Although deep learning-based methods have achieved excellent performance on SAR ATR, the fact that it is difficult to acquire and label a lot of SAR images makes these methods, which originally performed well, perform weakly. This may be because most of them consider the whole target images as input, but the researches find that, under limited training data, the deep learning model can't capture discriminative image regions in the whole images, rather focus on more useless even harmful image regions for recognition. Therefore, the results are not satisfactory. In this paper, we design a SAR ATR framework under limited training samples, which mainly consists of two branches and two modules, global assisted branch and local enhanced branch, feature capture module and feature discrimination module. In every training process, the global assisted branch first finishes the initial recognition based on the whole image. Based on the initial recognition results, the feature capture module automatically searches and locks the crucial image regions for correct recognition, which we named as the golden key of image. Then the local extract the local features from the captured crucial image regions. Finally, the overall features and local features are input into the classifier and dynamically weighted using the learnable voting parameters to collaboratively complete the final recognition under limited training samples. The model soundness experiments demonstrate the effectiveness of our method through the improvement of feature distribution and recognition probability. The experimental results and comparisons on MSTAR and OPENSAR show that our method has achieved superior recognition performance.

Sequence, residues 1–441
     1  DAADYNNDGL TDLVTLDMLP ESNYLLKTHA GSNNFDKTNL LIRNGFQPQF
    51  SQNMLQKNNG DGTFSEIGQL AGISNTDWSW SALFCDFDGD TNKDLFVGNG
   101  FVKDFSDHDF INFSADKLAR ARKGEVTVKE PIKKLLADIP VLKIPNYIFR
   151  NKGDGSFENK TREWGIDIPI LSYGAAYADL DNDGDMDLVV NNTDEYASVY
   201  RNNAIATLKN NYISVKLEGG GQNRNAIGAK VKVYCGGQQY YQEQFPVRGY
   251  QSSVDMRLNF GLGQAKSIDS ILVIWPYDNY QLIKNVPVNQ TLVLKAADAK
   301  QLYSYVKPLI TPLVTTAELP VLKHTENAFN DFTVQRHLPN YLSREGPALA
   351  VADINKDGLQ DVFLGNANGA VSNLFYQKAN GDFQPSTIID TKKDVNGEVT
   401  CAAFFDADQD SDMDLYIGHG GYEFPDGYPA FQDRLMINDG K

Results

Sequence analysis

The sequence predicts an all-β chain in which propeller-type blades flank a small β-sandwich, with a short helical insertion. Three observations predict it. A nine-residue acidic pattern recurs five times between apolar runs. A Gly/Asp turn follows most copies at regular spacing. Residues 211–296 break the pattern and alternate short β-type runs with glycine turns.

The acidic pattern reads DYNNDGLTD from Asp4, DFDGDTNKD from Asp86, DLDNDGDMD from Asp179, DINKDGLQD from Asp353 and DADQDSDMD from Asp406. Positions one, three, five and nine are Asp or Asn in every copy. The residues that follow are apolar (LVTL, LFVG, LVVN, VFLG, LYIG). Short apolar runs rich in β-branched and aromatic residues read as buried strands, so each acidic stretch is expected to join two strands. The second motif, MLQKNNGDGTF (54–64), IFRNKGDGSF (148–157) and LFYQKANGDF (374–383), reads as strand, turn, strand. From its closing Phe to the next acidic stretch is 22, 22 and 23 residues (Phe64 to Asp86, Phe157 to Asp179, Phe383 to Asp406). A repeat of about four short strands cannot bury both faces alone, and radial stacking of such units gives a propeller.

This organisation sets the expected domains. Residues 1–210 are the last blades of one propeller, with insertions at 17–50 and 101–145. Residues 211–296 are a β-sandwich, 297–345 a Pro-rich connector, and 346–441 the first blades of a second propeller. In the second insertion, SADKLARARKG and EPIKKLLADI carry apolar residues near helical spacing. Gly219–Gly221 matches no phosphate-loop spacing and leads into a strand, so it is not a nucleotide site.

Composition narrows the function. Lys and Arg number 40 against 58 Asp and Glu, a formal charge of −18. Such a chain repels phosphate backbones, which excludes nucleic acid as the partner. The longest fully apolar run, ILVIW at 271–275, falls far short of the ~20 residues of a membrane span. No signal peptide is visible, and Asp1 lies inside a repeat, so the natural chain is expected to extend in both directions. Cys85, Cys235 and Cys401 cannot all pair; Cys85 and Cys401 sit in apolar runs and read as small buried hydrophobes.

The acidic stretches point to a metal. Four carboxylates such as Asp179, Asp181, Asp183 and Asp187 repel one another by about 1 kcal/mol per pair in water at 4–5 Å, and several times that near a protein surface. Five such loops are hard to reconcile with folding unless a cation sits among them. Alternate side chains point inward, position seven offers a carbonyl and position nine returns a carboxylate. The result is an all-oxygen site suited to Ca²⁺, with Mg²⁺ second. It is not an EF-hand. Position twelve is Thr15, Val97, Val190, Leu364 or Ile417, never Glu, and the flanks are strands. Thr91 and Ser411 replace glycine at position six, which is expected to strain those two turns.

Existing synthetic aperture radar automatic target recognition (SAR ATR) methods have been effective for the classification of seen target classes. However, it is more meaningful and challenging to distinguish the unseen target classes, i.e., open set recognition (OSR) problem, which is an urgent problem for the practical SAR ATR. The key solution of OSR is to effectively establish the exclusiveness of feature distribution of known classes. In this letter, we propose an entropy-awareness meta-learning method that improves the exclusiveness of feature distribution of known classes which means our method is effective for not only classifying the seen classes but also encountering the unseen other classes. Through meta-learning tasks, the proposed method learns to construct a feature space of the dynamic-assigned known classes. This feature space is required by the tasks to reject all other classes not belonging to the known classes. At the same time, the proposed entropy-awareness loss helps the model to enhance the feature space with effective and robust discrimination between the known and unknown classes. Therefore, our method can construct a dynamic feature space with discrimination between the known and unknown classes to simultaneously classify the dynamic-assigned known classes and reject the unknown classes. Experiments conducted on the moving and stationary target acquisition and recognition (MSTAR) dataset have shown the effectiveness of our method for SAR OSR.